NASHVILLE, Tenn. -- Silence filled the room where much of the Royals' front office stood watching the second annual MLB Draft Lottery at the Gaylord Opryland Resort & Convention Center on Tuesday afternoon.
Kansas City entered the day tied with Oakland and Colorado for the best odds of landing the No. 1 overall pick at 18.3 percent each. The Royals would have picked second under the old system, based on their 56-106 record ranking second-worst in baseball.
Instead, the Royals will pick sixth overall in the 2024 Draft, held next July in Arlington, Texas, as part of the All-Star Game festivities. It’s still a lottery pick as a top-six selection, but it’s lower than where the Royals’ odds had them.
“There’s frustration,” general manager J.J. Picollo said. “There’s disappointment. You go into it thinking you might get the first pick, which is a little bit of a dubious honor, but the season’s over, you want the best opportunity to select the best players. Now we’ve dropped four slots. So it’s frustrating. It’s the system in place. There’s nothing we can do about it. There’s been a lot of good players taken in the top 10, so it’s not going to change the way we approach scouting.”
Even more stunning was who jumped ahead of the Royals. They will watch the White Sox select fifth and the Guardians pick first overall next year. The bouncing of a few ping pong balls earlier in the day meant Cleveland’s 2 percent chance at the No. 1 pick turned into reality.
The top six picks, determined by the lottery, are as follows:
5. White Sox
This all came after the Royals dropped from No. 5 to 8 last year, missing out on the lottery and watching the Tigers (No. 3) and Twins (No. 5) jump ahead of them despite having lower odds to land the top pick.
"We’re also competing in the [American League] Central, and four of the five teams now have jumped [ahead of the Royals in the past two Drafts],” Picollo said. “... They’re the teams we’re trying to beat. … Again, it’s the system in place, and there’s not a whole lot we can do about it but start working on who’s going to be in that area.”
Teams that receive revenue-sharing payouts can't receive a lottery pick for more than two years in a row, and those that don't get payments can't get a top-six choice in consecutive Drafts. Because they picked eighth in the 2023 Draft, the Royals can still draw a lottery pick for the '25 Draft. If they do so, they would be ineligible for the lottery in ‘26.
The silence that engulfed the Royals’ room lasted a few seconds until someone chimed in: Remember, Zack Greinke was picked No. 6 overall in 2002. Whether picking first, second or sixth, the Royals know their first-round pick is important.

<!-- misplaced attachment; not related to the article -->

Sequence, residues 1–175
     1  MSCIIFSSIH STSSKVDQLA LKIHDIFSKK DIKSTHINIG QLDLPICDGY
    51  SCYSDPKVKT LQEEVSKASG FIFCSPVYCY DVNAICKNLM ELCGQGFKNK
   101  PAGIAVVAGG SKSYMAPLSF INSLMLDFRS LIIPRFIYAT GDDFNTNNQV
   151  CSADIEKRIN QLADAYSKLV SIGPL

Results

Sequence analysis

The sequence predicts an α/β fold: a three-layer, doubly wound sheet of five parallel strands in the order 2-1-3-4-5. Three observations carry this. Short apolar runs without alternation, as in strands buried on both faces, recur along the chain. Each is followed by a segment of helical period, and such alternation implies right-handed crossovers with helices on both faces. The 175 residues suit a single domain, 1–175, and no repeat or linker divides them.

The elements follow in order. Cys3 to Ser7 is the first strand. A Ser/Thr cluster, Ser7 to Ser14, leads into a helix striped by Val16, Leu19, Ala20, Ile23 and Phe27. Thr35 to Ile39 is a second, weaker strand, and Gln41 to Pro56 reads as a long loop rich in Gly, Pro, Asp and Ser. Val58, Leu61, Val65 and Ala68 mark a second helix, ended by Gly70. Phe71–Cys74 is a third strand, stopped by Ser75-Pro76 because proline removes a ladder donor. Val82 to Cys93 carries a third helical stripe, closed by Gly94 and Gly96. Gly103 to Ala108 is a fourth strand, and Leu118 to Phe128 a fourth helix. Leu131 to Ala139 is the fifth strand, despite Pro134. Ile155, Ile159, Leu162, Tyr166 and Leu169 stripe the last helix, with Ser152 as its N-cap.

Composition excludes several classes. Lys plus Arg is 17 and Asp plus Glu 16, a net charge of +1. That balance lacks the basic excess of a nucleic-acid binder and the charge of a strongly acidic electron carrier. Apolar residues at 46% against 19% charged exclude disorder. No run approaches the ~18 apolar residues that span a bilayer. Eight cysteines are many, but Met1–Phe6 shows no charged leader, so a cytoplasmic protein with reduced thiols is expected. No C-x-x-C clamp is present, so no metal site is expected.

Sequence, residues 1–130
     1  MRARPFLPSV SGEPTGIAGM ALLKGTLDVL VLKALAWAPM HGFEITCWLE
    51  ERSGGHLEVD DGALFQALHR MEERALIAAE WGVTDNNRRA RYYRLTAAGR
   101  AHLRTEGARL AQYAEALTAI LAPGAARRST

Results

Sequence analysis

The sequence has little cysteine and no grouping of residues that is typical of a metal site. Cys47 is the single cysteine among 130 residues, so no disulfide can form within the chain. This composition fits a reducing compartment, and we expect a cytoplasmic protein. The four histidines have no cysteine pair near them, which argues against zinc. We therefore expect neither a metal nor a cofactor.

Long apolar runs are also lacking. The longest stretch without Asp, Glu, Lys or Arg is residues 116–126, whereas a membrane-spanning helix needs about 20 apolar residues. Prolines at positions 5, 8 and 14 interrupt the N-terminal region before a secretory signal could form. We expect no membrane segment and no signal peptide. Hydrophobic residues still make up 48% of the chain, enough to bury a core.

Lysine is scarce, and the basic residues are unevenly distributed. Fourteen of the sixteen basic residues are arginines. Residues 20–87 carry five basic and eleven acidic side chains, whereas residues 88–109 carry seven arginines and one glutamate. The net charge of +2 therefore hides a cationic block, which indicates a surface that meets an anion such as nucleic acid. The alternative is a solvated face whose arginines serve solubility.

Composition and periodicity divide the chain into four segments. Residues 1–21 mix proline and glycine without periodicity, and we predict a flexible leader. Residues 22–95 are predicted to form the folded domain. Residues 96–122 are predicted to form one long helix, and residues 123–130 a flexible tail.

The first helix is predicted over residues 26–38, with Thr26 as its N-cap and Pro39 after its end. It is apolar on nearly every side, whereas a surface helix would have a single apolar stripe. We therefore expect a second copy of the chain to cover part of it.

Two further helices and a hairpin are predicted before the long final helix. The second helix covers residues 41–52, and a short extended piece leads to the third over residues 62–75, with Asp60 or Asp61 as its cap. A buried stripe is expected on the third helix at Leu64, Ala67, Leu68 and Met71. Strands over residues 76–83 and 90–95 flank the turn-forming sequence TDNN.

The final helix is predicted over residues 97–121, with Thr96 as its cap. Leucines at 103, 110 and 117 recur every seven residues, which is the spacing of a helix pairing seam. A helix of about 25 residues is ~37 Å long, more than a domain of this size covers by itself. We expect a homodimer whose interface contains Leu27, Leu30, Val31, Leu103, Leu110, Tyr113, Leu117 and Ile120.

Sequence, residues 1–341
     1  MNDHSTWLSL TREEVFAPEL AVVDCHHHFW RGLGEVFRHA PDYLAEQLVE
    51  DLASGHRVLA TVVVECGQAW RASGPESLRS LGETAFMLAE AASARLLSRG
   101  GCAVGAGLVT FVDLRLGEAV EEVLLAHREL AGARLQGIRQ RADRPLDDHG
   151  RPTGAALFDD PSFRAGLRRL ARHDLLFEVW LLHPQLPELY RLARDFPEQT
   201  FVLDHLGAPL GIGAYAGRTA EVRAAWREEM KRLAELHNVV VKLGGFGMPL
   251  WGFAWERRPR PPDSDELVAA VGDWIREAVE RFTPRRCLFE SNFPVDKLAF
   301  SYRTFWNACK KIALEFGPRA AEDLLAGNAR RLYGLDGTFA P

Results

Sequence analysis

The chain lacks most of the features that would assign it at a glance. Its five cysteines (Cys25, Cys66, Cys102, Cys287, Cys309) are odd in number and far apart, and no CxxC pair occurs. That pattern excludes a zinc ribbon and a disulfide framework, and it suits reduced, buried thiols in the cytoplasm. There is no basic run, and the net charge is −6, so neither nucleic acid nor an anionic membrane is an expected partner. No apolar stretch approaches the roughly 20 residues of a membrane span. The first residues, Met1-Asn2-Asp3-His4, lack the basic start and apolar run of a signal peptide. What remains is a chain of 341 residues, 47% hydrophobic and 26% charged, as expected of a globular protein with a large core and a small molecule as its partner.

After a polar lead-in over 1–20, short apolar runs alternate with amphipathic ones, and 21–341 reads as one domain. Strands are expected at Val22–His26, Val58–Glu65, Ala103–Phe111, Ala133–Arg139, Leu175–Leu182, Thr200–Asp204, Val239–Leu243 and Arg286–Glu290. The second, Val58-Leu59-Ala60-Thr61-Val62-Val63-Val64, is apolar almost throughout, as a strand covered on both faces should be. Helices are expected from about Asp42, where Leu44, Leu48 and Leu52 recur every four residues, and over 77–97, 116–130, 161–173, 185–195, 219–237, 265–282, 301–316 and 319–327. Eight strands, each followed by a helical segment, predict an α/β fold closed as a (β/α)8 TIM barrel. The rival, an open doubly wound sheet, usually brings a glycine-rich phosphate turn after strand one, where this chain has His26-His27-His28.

“There have been some good players who were picked [sixth] in the country,” new scouting director Brian Bridges said. “We planned and prepared for the worst-case scenario in the fall, even though we really concentrated on what we felt as a group were the top four players kind of going into this. You have to expand a little bit more on your thought and where you’re going with it, but it’s going to be fine.”
The work now ramps up for Bridges and his staff in his first season running the Royals’ Draft room. Picollo hired Bridges in September after he spent last season with the Giants and ran the Braves’ Drafts from 2015-18.
Bridges will have less money to work with because of the allotted signing bonus pools. But as quickly as the frustration came on Tuesday, so did Bridges’ urging that the Royals must move on and focus on who they’re taking sixth.
Initial impressions of Bridges have been positive, especially at Kansas City's meetings held in October at its Arizona complex, when Bridges met team scouts in person for the first time. As the Royals look to build their infrastructure and make changes to their scouting and player development processes, Bridges seems like a good fit.
The Draft Lottery was perhaps the biggest news of Tuesday’s Winter Meetings events, certainly for the Royals and other teams not involved in the Shohei Ohtani sweepstakes. The Royals are involved in negotiations with several free-agent pitchers as they look to address that area, but the market is slow right now as teams wait for the big dominoes to fall.
"It feels that way,” Picollo said. “We obviously know who the big ones are, but I think it's not only that top tier, but that next tier. If they would start coming to some agreements, I think we would see a lot more widespread movement, particularly in the pitching area. …
“As we go through this, we’ve got to keep adjusting our strategy to what’s happening around us. I’m very confident in our aggressiveness right now. It just hasn’t landed on an acquisition just yet.”